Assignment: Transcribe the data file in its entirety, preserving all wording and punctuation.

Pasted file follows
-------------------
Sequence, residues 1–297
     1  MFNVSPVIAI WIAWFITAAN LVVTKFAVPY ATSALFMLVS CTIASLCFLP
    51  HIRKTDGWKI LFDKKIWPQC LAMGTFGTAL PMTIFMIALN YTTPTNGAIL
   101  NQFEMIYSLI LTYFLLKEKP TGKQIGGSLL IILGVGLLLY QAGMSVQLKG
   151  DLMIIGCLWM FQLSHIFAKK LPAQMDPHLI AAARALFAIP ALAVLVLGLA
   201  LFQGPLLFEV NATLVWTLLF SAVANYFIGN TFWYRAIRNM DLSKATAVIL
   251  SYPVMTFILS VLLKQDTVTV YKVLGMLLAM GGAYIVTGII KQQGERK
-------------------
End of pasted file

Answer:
Sequence, residues 1–297
     1  MFNVSPVIAI WIAWFITAAN LVVTKFAVPY ATSALFMLVS CTIASLCFLP
    51  HIRKTDGWKI LFDKKIWPQC LAMGTFGTAL PMTIFMIALN YTTPTNGAIL
   101  NQFEMIYSLI LTYFLLKEKP TGKQIGGSLL IILGVGLLLY QAGMSVQLKG
   151  DLMIIGCLWM FQLSHIFAKK LPAQMDPHLI AAARALFAIP ALAVLVLGLA
   201  LFQGPLLFEV NATLVWTLLF SAVANYFIGN TFWYRAIRNM DLSKATAVIL
   251  SYPVMTFILS VLLKQDTVTV YKVLGMLLAM GGAYIVTGII KQQGERK